Tuesday 24 April 2018

Manufacturing Difficulty

"Completion of quota at factory #200 in August of 1944

In August of 1944, the factory was instructed to produce:
  • IS-2 hulls: 200
  • IS-2 turrets: 200
As of September 1st, the factory delivered and QA accepted:
  • IS-2 hulls: 120
  • IS-2 turrets: 120
The quota for August was completed by 60%.

This significant shortfall of production is explained mainly by exceptionally poor output of the metallurgical plants that were supplying armour, as well as mass food poisoning of assembly and mechanical plant workers in the cafeteria.

Considering that the poisoning had some effect on the output of the factory, the People's Commissar of Tank Production permitted the extension of the due date for the August quota until September 5th and supply of workers from mother factories, delivered by airplane, without reducing the quota for September.

The total quota for August and five days of September is:
  • IS-2 hulls: 175
  • IS-2 turrets: 175
The timelines for completion of the August quota are outlined in table #1.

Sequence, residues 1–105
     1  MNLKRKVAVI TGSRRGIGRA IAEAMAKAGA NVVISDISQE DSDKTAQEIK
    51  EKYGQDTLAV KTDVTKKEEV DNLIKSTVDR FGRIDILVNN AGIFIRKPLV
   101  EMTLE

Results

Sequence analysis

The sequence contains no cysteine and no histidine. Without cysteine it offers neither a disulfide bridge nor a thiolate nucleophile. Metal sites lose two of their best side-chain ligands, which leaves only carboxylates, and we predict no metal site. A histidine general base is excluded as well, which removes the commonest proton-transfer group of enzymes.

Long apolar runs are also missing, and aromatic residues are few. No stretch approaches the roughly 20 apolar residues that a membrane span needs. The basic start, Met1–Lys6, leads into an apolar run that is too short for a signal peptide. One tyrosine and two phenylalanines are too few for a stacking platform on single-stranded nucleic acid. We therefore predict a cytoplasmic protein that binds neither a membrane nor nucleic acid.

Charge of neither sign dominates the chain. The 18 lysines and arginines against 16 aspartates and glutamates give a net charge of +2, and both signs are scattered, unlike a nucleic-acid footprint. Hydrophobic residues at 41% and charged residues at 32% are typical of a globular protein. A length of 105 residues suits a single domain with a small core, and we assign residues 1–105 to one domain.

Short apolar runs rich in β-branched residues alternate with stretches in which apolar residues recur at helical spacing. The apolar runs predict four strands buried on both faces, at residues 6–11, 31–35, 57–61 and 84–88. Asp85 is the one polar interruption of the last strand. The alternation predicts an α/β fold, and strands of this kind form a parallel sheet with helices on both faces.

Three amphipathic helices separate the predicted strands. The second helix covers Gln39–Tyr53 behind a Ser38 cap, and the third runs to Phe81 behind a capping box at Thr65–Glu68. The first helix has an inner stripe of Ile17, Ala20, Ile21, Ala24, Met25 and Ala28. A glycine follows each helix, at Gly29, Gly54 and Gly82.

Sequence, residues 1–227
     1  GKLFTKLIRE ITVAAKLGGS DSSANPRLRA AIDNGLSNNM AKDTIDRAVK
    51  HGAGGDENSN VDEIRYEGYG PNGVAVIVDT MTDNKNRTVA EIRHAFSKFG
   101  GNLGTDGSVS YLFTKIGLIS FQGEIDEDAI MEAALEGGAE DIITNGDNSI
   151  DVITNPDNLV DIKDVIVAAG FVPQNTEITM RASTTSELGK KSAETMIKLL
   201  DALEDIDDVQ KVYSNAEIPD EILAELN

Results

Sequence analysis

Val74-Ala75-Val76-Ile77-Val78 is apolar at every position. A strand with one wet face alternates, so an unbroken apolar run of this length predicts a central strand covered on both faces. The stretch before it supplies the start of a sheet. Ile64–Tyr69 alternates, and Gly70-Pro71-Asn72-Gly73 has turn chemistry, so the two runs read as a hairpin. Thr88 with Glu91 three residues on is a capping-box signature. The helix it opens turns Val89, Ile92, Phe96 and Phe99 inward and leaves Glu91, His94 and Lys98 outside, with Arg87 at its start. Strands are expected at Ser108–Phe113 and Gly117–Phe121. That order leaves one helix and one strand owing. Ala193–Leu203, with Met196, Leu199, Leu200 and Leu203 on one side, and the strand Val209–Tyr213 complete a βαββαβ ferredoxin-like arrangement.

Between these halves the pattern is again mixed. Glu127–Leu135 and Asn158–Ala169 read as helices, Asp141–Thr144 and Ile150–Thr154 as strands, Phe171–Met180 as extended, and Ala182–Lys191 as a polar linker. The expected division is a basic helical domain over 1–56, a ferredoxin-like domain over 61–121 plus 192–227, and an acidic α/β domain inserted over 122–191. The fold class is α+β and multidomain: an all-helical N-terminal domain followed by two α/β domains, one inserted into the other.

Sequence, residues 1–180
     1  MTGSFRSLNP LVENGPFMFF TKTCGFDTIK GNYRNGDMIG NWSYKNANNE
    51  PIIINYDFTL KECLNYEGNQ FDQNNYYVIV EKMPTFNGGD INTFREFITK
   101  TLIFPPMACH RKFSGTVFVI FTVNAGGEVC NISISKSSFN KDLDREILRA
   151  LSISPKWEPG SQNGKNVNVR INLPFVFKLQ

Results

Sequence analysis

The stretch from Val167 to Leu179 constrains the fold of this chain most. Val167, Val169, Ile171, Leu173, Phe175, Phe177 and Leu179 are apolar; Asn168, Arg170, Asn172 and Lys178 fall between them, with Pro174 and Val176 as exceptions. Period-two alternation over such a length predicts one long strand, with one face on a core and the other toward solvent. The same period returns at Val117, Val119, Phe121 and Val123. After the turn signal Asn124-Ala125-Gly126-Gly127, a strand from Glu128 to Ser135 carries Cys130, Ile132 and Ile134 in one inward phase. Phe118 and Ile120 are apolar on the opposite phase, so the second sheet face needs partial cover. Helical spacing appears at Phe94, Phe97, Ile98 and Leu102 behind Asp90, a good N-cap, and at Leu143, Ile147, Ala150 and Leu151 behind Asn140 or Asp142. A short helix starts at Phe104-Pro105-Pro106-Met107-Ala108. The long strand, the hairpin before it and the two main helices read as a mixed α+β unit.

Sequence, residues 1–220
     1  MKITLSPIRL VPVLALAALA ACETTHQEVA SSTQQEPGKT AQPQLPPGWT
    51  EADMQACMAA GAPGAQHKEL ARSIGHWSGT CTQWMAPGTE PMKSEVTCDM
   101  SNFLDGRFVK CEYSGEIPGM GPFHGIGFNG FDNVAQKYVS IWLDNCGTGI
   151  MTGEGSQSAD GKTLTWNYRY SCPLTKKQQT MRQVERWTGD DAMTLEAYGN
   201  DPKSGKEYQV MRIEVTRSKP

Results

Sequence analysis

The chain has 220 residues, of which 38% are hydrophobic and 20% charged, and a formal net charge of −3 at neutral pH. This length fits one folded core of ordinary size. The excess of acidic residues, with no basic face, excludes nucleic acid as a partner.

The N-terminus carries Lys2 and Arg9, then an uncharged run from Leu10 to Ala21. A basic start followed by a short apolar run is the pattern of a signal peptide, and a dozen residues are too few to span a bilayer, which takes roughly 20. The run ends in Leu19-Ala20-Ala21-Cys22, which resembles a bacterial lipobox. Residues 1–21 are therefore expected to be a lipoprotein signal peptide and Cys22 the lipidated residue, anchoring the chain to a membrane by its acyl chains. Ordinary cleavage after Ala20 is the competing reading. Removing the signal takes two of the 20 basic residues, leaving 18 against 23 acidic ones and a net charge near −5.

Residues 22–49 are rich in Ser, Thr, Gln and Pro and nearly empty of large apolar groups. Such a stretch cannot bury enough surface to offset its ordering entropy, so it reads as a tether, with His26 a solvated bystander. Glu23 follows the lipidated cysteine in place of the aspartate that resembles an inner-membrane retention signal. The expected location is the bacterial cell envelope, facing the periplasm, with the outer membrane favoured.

In September, the factory must produce:
  • IS-2 hulls: 200
  • IS-2 turrets: 200"

Yuri Pasholok writes that the annual report accounts for 200 hulls and turrets produced in August, so presumably the shortfall was made up for in September completely.


  1. What kind of metallurgical testing was done, if any, to determine if the incoming armor was acceptable for use?

    1. Good old fashioned destructive testing. If you shoot at a sample from a batch and it falls to pieces, then the batch is suspect. In this case, however, the way it's phrased refers to quantitative rather than qualitative output. Typically production was held up by hulls sitting without turrets because not enough turrets arrived, etc.

    2. I don´t think this explenation holds true considering that hulls and turrets are listed seperately.

  2. I'm finding that dry note about mass food poisoning far more amusing than I probably should.